- Over the last decade, remote working has become more and more popular. Now, because of the COVID-19 pandemic, up to 62% of people are now working from home.
- Up to 40% of survey respondents say they feel more productive while working from home. However, there are also negative impacts, such as not taking as many breaks. "Employee burnout" is increasing at an alarming rate.
- Telecommuting and remote working will be the norm long after the pandemic, according to many outlets. There are things we can do to ensure we are maintaining a healthy work-life balance.
Within the United States, the amount of workers who have been doing some or all of their work from home has been slowly rising over the years. In 2003, 19.6 percent of people were considered remote workers. Fast-forward to 2015 and that number was 24.1 percent.
This was slowly becoming the norm across the world, with data collected from Eurofound in 2010 stating that one-fifth of workers across Europe were mainly working from home, on a clients’ premises, or on job sites.
A 2019 study of over 1200 full-time workers within the United States between the ages of 22-65 showed that 62 percent of people were “remote workers,” while 38 percent were “on-site” workers, working in either an office or job site location.
Although 2020 began like any other year with similar working-from-home numbers, the global COVID-19 pandemic saw even more people being forced to telecommute, and working from home became the norm.
Photo by Creative Lab on Shutterstock
While there are many benefits to working from home (40.1 percent of survey respondents say they did feel more productive while working from home), there are also things we need to be conscious of with this new remote work normality.
You may actually be working more hours at home than you do at work.
Across this survey, remote workers were adding an additional 3.13 hours per day working from home compared to when they worked in the office. People who said they felt more productive at home than at the office were reportedly working an additional 4.64 hours per day.
While this may not seem like a big change at first, over time it can become detrimental to your mental health and your productivity. According to new data, employee survey comments surrounding “burnout” have doubled from 2.7 percent in March to 5.4 percent in April.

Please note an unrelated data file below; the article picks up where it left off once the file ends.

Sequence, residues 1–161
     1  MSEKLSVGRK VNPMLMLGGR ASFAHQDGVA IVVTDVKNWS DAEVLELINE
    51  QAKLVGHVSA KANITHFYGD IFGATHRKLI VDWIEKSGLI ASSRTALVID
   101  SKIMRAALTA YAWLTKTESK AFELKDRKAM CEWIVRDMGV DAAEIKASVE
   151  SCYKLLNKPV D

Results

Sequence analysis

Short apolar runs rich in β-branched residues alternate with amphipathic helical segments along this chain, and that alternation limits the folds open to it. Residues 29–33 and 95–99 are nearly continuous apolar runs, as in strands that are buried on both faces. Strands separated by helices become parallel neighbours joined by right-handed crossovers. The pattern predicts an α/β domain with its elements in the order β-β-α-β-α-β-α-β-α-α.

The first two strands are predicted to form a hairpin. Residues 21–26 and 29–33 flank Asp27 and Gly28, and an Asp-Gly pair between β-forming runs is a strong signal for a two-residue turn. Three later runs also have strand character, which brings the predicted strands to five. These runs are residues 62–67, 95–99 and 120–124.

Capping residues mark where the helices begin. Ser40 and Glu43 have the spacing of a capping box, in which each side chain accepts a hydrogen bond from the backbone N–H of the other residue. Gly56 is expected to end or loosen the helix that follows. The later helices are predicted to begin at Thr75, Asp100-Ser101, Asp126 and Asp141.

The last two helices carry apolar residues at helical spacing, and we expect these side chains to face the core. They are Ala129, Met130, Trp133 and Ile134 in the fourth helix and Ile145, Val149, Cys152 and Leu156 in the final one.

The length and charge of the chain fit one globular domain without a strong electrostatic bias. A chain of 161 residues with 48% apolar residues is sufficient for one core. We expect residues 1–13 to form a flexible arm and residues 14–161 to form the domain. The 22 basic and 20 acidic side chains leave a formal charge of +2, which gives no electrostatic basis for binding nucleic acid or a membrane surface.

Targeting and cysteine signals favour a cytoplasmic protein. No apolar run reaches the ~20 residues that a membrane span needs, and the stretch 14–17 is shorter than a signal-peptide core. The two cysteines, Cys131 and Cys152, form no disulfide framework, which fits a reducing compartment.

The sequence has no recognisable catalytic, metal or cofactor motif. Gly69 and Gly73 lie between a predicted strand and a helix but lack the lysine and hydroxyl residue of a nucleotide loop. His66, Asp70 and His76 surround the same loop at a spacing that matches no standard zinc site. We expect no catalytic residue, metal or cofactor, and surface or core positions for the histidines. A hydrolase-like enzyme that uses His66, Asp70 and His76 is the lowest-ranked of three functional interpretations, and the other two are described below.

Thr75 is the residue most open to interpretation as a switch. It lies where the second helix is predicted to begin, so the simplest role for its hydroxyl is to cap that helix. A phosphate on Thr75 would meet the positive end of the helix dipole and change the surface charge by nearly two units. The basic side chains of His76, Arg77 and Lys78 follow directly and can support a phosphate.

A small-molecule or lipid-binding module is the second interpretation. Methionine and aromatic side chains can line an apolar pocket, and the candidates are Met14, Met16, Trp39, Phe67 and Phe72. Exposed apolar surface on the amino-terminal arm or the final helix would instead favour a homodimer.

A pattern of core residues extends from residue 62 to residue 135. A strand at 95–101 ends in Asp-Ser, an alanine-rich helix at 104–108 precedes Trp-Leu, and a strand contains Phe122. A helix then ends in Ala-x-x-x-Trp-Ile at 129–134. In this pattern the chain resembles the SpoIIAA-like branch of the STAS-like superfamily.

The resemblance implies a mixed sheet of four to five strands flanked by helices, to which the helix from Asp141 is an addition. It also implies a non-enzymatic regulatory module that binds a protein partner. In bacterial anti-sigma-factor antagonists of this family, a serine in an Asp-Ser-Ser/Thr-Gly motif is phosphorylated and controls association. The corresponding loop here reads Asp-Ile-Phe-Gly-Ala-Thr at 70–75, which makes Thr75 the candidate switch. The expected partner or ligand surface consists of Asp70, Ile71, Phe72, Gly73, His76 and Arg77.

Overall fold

Your eating and exercise habits may become worse while you’re working from home.
Along with potential burnout, picking up bad habits while working from home is another thing to be wary of. According to the Bluejeans survey, 39 percent of people are reaching for salty snacks over healthy ones. Additionally, nearly 50 percent of respondents say they have not been able to exercise regularly since they switched from office to remote working.
Distractions can cut your productivity.
The hustle and bustle of home life can also take a toll on your productivity. Taking care of kids (27.6 percent), scrolling through social media (26.5 percent) and checking on the news (26.1 percent), along with getting distracted by streaming services and television shows (9.7 percent) are among the most commonly reported distractions that remote workers face, cutting into their productivity during working hours.
Photo by stockfour on Shutterstock
This shift in remote working has proven many jobs are capable of being done at home, and several outlets are reporting that telecommuting will likely continue for quite some time, even after the pandemic.
While there are many benefits from remote working (such as lower fuel emissions, less waste, more productivity in some instances along with containing the spread of the COVID-19 virus), there are also some changes that need to be made if this is going to continue longer term.
Separate your home and work responsibilities.
Between scrolling through social media, checking the news, and taking care of your children, you may be feeling the pressure to crack down more than the usual to slow down, but new research shows just how important it is to take breaks while working from home.
This article explains: “Work and home are two separate places for a reason. Both require our attention and effort but in different ways. Completing work assignments and fulfilling personal responsibilities are both important things we do every day and having these two worlds physically separate helps us channel our energy the proper way at the proper time.”
Removing that separation, although necessary and even beneficial in some instances, can cause us to become overwhelmed.
Take regular breaks from work, even just for 10 minutes.
When there is a lack of separation in our home and work lives, it can lead to a feeling of “always being on”—which is how burnout happens. Taking breaks throughout the day and “signing off” for period of home-time allows us to be productive at work and recharge during the restful periods. Even a break as short as 10 minutes can help increase your productivity and keep you from burning out.
Perhaps the solution is working less days per week at home.
According to this 2019 study, a 4-day workweek can improve worker’s productivity by up to 40 percent. In a 2018 survey in New Zealand, a trust management company explained they saw a 20 percent gain in employee productivity and a 45 percent increase in employee work-life balance after testing out the 4-day work week.